First of all, let’s get the obvious out of the way: the Dallas Stars have a secondary/depth scoring problem. My colleague Rob McClay wrote about this yesterday, and while six games are still a relatively small sample size, it’s enough to tell us that scoring outside of Tyler Seguin, Jamie Benn, Alexander Radulov, and John Klingberg is a real issue this team is facing.
Unfortunately, while many fans are certainly daydreaming of a blockbuster trade for William Nylander, Artemi Panarin, or some other top six forward, the odds of that happening are slim. Waivers are technically another option, but realistically speaking, what team is going to waive a skater who can do something like (looks up Connor Carrick’s stats) net four points over six games?
For better or for worse, this is the Stars’ roster for the time being. Which means that the Stars have to solve this problem in house with players already on the roster such as Valeri Nichushkin, Mattias Janmark, and etc., right?
Not so fast, my friend. There is one other option available for Dallas: a call-up from the club’s AHL team, the Texas Stars. It’s the easiest way to get some fresh blood into the lineup without having to give up anything in return, and if the Stars switched them out with rookie Roope Hintz, the Stars wouldn’t even have to worry about exposing a player to waivers.
Still, some players in the AHL are there because they need additional seasoning for a NHL lineup to begin with. Those types are typically called up when a NHL player gets injured. If the Stars want to call up a player to try and help fix their scoring issues, they’d need someone with at least two of the three qualities:
- Is one of (if not the top) scorers on the Texas Stars currently.
- Has decently high offensive potential for the NHL
- Was almost good enough to make the NHL roster in the first place (i.e. one of the final cuts)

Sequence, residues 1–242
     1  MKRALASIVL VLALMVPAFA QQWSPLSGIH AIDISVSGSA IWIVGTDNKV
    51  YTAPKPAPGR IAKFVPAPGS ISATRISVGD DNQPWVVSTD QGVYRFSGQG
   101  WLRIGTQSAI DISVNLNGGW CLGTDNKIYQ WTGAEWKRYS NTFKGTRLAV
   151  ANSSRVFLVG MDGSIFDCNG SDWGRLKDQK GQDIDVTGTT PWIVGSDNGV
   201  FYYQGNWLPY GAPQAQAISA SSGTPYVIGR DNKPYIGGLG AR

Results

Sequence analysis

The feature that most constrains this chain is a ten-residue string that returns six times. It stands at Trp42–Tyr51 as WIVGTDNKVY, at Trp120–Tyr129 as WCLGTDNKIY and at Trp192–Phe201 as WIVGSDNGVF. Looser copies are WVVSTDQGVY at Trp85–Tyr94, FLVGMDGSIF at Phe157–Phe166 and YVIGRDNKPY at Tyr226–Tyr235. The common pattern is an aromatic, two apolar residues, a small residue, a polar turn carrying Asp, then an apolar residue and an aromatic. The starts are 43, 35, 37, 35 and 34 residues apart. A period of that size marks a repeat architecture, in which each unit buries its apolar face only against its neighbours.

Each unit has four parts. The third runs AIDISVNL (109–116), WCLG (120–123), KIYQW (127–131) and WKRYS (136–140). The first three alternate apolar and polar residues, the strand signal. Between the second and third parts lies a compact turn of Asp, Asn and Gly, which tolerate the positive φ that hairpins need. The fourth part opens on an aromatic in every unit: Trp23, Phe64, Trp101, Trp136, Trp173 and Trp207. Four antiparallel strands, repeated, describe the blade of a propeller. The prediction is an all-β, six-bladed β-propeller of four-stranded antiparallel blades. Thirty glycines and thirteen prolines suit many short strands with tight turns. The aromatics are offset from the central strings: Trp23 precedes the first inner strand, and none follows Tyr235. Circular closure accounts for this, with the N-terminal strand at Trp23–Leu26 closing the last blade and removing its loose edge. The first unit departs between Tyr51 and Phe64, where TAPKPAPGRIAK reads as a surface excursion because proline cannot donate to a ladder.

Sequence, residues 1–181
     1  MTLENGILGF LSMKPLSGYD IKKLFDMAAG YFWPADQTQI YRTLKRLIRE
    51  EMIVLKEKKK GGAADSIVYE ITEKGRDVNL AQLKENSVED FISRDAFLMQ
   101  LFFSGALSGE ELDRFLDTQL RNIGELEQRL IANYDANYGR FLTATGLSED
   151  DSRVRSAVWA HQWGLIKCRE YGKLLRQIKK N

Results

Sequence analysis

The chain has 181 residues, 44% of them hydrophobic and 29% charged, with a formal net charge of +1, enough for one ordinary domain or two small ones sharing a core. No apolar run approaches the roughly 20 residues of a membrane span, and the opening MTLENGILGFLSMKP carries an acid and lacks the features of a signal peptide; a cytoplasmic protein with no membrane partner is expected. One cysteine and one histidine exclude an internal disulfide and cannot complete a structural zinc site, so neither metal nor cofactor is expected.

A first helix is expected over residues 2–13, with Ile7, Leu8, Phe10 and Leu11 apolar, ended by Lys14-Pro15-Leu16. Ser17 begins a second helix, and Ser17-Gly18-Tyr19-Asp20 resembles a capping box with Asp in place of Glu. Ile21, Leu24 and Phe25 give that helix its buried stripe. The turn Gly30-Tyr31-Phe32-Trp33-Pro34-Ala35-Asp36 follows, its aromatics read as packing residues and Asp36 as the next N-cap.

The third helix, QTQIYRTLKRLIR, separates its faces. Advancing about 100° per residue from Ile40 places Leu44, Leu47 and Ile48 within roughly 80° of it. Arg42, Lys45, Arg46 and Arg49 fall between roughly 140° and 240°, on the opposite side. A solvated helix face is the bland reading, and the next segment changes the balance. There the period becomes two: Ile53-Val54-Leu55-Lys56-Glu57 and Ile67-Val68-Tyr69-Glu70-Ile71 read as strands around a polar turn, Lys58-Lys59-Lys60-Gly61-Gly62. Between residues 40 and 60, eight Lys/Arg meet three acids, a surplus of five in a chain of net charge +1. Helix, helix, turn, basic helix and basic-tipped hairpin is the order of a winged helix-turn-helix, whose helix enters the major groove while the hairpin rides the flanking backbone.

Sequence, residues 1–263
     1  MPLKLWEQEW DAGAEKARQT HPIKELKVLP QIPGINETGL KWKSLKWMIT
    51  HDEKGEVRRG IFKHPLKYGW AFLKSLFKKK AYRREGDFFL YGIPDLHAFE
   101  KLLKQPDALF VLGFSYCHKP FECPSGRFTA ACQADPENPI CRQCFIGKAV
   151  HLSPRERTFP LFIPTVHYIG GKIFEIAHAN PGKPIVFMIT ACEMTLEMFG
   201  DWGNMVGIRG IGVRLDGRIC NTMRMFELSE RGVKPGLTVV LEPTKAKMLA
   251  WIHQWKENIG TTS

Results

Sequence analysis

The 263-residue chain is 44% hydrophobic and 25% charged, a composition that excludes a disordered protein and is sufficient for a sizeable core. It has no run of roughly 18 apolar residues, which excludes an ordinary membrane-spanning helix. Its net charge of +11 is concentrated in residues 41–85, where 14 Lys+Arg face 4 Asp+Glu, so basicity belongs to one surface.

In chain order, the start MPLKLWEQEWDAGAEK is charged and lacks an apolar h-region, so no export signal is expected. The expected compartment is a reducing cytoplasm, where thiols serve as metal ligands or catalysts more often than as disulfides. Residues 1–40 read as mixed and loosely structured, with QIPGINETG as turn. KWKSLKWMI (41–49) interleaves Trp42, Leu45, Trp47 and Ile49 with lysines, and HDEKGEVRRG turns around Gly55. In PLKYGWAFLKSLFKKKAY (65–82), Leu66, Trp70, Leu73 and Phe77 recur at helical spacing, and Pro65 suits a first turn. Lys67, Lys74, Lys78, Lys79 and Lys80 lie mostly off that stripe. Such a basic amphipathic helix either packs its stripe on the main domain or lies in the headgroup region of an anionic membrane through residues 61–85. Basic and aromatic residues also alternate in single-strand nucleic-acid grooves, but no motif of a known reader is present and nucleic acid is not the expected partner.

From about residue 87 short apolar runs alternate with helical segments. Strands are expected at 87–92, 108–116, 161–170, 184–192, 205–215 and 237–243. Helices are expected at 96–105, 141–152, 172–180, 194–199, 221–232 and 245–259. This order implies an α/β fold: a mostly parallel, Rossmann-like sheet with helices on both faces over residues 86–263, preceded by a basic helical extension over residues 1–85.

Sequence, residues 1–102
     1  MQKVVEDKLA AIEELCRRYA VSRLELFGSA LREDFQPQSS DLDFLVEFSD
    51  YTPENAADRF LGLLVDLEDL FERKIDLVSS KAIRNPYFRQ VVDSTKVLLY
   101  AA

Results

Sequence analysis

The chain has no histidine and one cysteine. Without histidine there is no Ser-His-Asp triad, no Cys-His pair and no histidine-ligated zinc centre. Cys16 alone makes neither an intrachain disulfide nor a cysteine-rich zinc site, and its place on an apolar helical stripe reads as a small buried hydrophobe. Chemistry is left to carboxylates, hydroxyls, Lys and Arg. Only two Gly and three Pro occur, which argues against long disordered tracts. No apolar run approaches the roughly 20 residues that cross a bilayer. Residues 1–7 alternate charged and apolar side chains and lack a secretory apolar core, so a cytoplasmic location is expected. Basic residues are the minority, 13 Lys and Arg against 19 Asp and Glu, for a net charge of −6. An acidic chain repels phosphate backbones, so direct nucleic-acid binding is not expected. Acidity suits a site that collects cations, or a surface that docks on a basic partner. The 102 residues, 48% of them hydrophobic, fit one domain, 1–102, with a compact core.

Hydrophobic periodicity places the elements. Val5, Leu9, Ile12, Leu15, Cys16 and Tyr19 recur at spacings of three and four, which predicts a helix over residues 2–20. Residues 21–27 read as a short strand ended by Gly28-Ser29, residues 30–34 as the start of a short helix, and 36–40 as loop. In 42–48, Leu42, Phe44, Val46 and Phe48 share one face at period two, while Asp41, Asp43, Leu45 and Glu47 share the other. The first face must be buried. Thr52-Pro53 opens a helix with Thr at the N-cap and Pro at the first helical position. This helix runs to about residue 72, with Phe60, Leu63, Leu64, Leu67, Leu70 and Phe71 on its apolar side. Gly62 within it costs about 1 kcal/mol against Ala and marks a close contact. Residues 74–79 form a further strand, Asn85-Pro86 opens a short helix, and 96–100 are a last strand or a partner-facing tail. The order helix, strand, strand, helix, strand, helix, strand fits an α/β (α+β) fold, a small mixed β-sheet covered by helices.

Enter Denis Gurianov.
As my other colleague Derek Neumeier wrote about the other day, Denis Gurianov has had a strong start to the AHL season. He currently sits tied with Joel L’Esperance for the team’s lead in scoring with 3 goals and 2 assists across five games, which checks off the first box. He hits the second box as well — his offensive ceiling was why the Stars used a 12th overall pick on him — and if you don’t believe me, just look at some of his goals:
As for the third criteria, I made the case for Gurianov potentially making the NHL roster back in the preseason. He had an impressive training camp, capped off by a good performance in the team’s scrimmage, and he followed it up with a solid preseason. In the end, the thing working against him was the number of roster spots, and he ended up being the odd one out.
In short, Gurinaov is exactly the kind of player that the Stars could use on the team right now. He has the talent to help drive the offense and put the puck into the net, and his offensive ceiling is higher than pretty much any player currently playing in the Stars’ bottom six.
Of course, this is provided that the coaching staff is willing to put the rookie in the right position to succeed. Playing less than ten minutes a game with the likes of Brett Ritchie and Devin Shore would probably not turn out well — just look at Jason Dickinson’s stat lines across 26 games last year. Instead, Jim Montgomery and company should try their hand at putting him alongside a player like Jason Spezza, or fellow Russian Alexander Radulov. If you truly want his offensive talent to blossom, you need to pair him with offensively minded players.
Now, it could very well be that Gurianov is simply having a hot start to the season, and that he’d cool down once facing serious NHL competition. But he’s also waivers-exempt, which means that if he doesn’t live up to expectations, the team could simply send him back down and call (presumably) Roope Hintz back up. There’s no “buyers remorse” that would come with a trade, or the potential to lose a player on the waiver wire as with Remi Elie, who is now playing for the Buffalo Sabres.
Gurianov obviously wouldn’t fix the Stars’ secondary scoring issues all by himself, and it’s quite possible that he fares no differently than any of the other forwards currently on the roster. But giving him a chance to prove himself is a much better option than simply sitting around and hoping someone else steps up.